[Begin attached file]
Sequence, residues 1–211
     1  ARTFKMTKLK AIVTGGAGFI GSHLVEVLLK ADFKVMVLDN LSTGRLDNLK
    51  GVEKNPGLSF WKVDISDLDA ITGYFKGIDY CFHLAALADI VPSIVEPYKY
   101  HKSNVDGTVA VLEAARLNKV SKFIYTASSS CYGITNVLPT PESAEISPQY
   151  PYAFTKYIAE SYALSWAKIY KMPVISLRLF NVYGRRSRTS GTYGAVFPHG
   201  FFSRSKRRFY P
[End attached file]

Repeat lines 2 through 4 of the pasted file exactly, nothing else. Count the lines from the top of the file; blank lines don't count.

     1  ARTFKMTKLK AIVTGGAGFI GSHLVEVLLK ADFKVMVLDN LSTGRLDNLK
    51  GVEKNPGLSF WKVDISDLDA ITGYFKGIDY CFHLAALADI VPSIVEPYKY
   101  HKSNVDGTVA VLEAARLNKV SKFIYTASSS CYGITNVLPT PESAEISPQY